Ecosystem-based Approaches to Climate Change Adaptation and Mitigation in Germany, Austria and Switzerland

Background and Goals

Stable and healthy ecosystems are essential for climate change mitigation and adaptation. This applies to many sectors, such as agriculture, forestry, tourism, urban planning and water resources management. Mitigation and adaptation measures using the ecosystem-based approach are becoming increasingly important as they offer a variety of benefits and are often considered to be more cost-effective solutions than purely technological approaches.

The goal of this project is to demonstrate that ecosystem-based approaches are not only conducive to nature conservation, but also can provide numerous benefits for other sectors. To this end, examples of projects using the ecosystem-based approach to climate change mitigation and adaptation within Germany, Austria and Switzerland will be documented and analyzed for barriers and success factors arising in their planning and implementation.

This study includes the following tasks:

  • Extensive literature review;
  • Identification and analysis of projects to develop and extend the application of the ecosystem-based approach to climate change mitigation and adaptation in the European German-speaking regions;
  • Detailed analysis of selected projects regarding the barriers and success factors encountered during their implementation;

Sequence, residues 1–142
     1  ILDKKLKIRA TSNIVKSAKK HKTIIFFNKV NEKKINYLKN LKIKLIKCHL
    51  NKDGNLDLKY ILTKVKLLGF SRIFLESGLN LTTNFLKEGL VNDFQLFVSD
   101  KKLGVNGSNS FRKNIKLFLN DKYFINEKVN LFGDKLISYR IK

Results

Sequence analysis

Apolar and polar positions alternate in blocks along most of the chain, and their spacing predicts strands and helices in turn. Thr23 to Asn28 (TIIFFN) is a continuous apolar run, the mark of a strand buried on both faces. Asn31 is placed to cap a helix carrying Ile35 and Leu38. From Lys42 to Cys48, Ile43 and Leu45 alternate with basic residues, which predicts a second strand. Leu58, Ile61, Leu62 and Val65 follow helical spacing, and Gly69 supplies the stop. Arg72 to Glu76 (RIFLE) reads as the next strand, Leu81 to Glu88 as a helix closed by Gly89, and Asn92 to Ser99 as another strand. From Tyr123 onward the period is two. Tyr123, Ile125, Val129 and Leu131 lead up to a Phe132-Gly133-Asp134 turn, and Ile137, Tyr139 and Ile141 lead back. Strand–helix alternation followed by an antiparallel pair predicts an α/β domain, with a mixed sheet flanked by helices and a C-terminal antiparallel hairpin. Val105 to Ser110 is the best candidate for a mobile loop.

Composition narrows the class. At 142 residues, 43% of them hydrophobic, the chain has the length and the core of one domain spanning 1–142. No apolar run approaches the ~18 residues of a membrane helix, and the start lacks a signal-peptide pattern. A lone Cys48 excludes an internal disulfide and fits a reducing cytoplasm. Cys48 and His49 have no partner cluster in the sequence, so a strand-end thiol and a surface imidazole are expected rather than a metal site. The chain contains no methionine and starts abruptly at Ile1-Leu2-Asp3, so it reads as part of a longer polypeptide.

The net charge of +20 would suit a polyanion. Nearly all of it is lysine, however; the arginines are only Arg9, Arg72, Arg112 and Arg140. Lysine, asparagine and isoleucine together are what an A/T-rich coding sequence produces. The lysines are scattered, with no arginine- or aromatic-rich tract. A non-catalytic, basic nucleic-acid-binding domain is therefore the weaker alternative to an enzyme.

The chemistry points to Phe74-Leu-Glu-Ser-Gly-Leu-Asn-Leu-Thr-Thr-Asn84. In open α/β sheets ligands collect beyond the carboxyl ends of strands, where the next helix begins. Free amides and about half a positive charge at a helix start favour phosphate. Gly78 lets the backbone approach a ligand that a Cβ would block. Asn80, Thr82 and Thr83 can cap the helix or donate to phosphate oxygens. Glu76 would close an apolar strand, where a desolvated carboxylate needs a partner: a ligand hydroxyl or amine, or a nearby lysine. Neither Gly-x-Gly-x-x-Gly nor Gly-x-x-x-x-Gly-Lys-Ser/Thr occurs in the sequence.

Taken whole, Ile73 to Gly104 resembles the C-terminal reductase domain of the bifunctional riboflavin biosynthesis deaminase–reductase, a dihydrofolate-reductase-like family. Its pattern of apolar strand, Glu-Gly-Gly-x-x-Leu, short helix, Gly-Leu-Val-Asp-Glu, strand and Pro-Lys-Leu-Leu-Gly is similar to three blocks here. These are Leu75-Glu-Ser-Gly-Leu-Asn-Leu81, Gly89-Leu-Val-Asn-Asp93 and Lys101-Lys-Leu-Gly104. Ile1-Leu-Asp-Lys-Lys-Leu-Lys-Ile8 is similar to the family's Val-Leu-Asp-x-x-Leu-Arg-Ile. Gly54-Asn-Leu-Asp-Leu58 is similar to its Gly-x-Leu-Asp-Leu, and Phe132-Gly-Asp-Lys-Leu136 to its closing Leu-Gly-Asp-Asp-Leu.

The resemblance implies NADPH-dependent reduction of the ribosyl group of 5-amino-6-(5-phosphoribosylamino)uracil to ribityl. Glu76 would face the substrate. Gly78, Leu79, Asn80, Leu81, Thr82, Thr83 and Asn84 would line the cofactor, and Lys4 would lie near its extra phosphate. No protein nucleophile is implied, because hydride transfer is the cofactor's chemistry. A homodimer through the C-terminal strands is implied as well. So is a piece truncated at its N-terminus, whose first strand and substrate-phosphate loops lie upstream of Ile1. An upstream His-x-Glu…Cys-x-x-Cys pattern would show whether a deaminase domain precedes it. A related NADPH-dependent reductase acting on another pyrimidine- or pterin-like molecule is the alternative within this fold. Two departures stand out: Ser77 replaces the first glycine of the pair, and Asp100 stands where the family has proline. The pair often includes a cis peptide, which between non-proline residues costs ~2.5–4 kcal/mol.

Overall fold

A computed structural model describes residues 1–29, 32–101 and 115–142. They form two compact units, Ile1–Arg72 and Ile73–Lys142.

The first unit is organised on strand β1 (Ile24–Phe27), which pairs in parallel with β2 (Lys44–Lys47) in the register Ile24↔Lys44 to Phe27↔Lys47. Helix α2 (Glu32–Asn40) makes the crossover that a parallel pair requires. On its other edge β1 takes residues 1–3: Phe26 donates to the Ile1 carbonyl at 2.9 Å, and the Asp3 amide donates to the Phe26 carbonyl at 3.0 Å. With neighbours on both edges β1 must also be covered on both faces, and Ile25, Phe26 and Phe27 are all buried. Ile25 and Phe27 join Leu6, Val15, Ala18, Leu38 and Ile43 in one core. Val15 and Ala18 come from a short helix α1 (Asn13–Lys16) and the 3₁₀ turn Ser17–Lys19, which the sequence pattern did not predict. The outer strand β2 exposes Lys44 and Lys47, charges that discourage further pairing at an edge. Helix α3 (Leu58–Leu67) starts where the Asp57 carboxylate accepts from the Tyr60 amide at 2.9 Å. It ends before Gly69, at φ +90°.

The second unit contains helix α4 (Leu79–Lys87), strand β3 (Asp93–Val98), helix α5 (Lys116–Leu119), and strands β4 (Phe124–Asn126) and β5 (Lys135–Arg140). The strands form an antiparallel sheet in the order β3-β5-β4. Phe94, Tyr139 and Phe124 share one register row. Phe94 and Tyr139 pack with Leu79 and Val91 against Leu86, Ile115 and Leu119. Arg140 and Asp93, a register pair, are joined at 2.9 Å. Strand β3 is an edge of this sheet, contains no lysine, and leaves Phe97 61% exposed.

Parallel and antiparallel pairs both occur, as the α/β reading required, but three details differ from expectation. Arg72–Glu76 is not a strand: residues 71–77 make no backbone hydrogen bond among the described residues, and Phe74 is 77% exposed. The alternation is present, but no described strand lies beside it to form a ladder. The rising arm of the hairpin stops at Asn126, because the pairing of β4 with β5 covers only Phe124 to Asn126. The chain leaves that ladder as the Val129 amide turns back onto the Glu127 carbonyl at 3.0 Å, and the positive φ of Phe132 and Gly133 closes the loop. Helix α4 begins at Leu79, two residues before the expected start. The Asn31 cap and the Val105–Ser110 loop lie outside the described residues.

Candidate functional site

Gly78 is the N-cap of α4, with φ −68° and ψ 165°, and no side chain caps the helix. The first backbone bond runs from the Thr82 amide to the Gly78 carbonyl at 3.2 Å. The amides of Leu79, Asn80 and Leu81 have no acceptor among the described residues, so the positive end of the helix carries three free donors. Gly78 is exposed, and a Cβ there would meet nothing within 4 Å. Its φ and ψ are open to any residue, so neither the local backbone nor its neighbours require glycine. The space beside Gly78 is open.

• Creation of a project database;
  • Development of a brochure and a set of best-practice guidelines;
  • Organization of an expert workshop to validate the results and to exchange experiences from the practical implementation of projects;

 

The brochure "Nature-based Solutions to Climate Change Mitigation and Adaptation" is available online (http://www.ecologic.eu/de/11239).

Content time

to

Research area/region

Country
  • Germany
  • Austria
  • Swiss
Region of implementation (all German federal states)
  • Baden-Württemberg
  • Bavaria
  • Berlin
  • Brandenburg
  • Bremen
  • Hamburg
  • Hesse
  • Mecklenburg Western Pomerania
  • Lower Saxony
  • Northrhine-Westphalia
  • Rhineland Palatinate
  • Saarland
  • Saxony
  • Saxony-Anhalt
  • Schleswig-Holstein
  • Thuringia
Natural spatial classification
  • Alp and North Bavarian hills
  • Alps
  • Alpine Foothills
  • Erz Mountains, Thuringian Forest and Bavarian Forest
  • coasts: North Sea-/Baltic Sea coasts
  • Low mountain ranges left and right of Rhine
  • North-East German lowland
  • North-West German lowland
  • Upper Rhine Rift
  • South-Eeastern basin and hills
  • West German lowland bay
  • Central low mountain ranges and Harz

Steps in the process of adaptation to climate change

Step 1: Understand and describe climate change

Approach and results 

There are no specific climate scenarios considered: the latest information about climate change had been taken into account.

Parameter (climate signals)
  • River flooding
  • Heat waves
  • Flash floods
  • Altered rainfall patterns
  • Higher average temperatures
  • Sea level rise und storm surges
  • Low water
  • Extreme precipitation (incl. hail, snow)
  • Storm
  • Dry periods
Further Parameters 

All parameters that might affect the species and habitats. Information on the parameters can be found in the good practice examples.

Further times 

up to 2100

Step 2a: Identify and assess risks - climate effects and impact

Approach and results 

There is no analysis of climate impacts: the focus is on the ecosystem services provided by ecosystems.